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LED ZEPPELIN II: THREE DAYS IN NEW YORK

A monumental three-day studio session that changed the course of music history.
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On this date in 1969, Led Zeppelin began three days of recording and mixing sessions at A&R Studios in New York City, during which they recorded “Heartbreaker” and various other parts for new tracks for their upcoming second album. The band was under pressure to finish sessions for their second album so they could release it in time for the autumn market.

Finally released in October 1969 under the title Led Zeppelin II, the album was a commercial success. It has been described as the band’s heaviest album, and it was Led Zep’s first album to reach number one on charts in the UK and the US.

Led Zeppelin II has since been regarded as the quintessential hard rock and heavy metal album. AllMusic said it “provided the blueprint for all the heavy metal bands that followed it.” According to Robert Santelli’s The Big Book of Blues: A Biographical Encyclopedia, Led Zeppelin “had already begun to move beyond its blues-rock influences, venturing into previously unexplored hard-rock territories.”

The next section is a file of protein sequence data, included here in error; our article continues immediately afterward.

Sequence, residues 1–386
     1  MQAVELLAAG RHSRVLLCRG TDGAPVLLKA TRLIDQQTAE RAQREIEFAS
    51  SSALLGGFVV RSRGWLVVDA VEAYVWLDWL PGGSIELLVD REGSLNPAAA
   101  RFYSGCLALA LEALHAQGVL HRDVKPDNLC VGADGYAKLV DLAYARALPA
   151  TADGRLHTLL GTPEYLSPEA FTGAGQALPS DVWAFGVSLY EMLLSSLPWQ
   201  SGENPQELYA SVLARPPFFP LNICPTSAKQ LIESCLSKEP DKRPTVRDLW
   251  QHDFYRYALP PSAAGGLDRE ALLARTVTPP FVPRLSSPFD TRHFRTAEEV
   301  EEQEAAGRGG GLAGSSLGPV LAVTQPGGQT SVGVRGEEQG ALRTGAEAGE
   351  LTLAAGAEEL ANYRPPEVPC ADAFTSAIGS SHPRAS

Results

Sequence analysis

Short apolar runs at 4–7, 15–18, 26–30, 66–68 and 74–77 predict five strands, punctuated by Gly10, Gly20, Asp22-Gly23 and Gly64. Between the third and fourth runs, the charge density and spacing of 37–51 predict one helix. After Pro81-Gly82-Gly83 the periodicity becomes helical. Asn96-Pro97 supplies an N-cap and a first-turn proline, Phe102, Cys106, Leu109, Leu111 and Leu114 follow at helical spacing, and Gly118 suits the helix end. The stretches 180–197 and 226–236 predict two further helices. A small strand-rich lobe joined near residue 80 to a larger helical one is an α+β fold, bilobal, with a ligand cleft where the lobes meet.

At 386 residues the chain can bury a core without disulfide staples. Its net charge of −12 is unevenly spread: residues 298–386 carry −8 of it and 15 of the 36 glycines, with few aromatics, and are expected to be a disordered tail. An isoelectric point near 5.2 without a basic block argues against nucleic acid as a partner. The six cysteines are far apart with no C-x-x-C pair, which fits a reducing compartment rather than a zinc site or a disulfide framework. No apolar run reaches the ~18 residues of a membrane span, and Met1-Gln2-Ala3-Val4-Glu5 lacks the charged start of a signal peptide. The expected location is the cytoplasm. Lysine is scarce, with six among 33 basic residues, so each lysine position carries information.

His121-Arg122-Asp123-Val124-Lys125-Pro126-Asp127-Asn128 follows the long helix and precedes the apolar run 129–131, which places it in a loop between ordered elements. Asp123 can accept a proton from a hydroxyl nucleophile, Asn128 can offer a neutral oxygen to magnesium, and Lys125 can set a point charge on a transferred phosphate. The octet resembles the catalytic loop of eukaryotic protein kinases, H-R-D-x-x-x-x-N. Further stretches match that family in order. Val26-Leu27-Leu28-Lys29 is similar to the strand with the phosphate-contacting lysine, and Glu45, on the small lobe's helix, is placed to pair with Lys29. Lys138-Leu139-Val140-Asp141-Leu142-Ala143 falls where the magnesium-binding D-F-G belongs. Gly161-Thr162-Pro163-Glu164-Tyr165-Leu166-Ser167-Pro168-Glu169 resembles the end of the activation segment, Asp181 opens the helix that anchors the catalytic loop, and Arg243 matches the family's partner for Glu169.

Spin magazine ranked Led Zeppelin II #5 on its list of The 25 Greatest Albums of All Time. In 2003, the album was ranked number 75 on Rolling Stone magazine’s list of the 500 Greatest Albums of All Time. It was also included in the book 1001 Albums You Must Hear Before You Die.

The video here via G C/YouTube, Led Zep performing “Heartbreaker” at Madison Square Garden, New York City, in 1973. Rick Rubin has remarked, “One of the greatest riffs in rock. It starts, and it’s like they don’t really know where the ‘one’ is. Magical in its awkwardness.” While Eddie Van Halen once stated that his adoption of the tapping technique he later popularised was inspired by the “Heartbreaker” solo.

💧 You might also like LED ZEPPELIN: PHYSICAL GRAFFITI.

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Featured image by Chris Walter/Getty Image.

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Rudolf Dethu

Rudolf Dethu

Music journalist, writer, radio DJ, socio-political activist, creative industry leader, and a qualified librarian, Rudolf Dethu is heavily under the influence of the punk rock philosophy. Often tagged as this country’s version of Malcolm McLaren—or as Rolling Stone Indonesia put it ‘the grand master of music propaganda’—a name based on his successes when managing Bali’s two favourite bands, Superman Is Dead and Navicula, both who have become two of the nation’s biggest rock bands.
Rudolf Dethu

Rudolf Dethu

Music journalist, writer, radio DJ, socio-political activist, creative industry leader, and a qualified librarian, Rudolf Dethu is heavily under the influence of the punk rock philosophy. Often tagged as this country’s version of Malcolm McLaren—or as Rolling Stone Indonesia put it ‘the grand master of music propaganda’—a name based on his successes when managing Bali’s two favourite bands, Superman Is Dead and Navicula, both who have become two of the nation’s biggest rock bands.

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